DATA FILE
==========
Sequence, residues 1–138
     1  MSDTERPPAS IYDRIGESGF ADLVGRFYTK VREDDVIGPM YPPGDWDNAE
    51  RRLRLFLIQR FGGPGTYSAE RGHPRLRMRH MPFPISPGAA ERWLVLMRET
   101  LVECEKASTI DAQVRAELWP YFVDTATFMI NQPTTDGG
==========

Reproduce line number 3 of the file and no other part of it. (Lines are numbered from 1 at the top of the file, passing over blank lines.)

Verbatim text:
    51  RRLRLFLIQR FGGPGTYSAE RGHPRLRMRH MPFPISPGAA ERWLVLMRET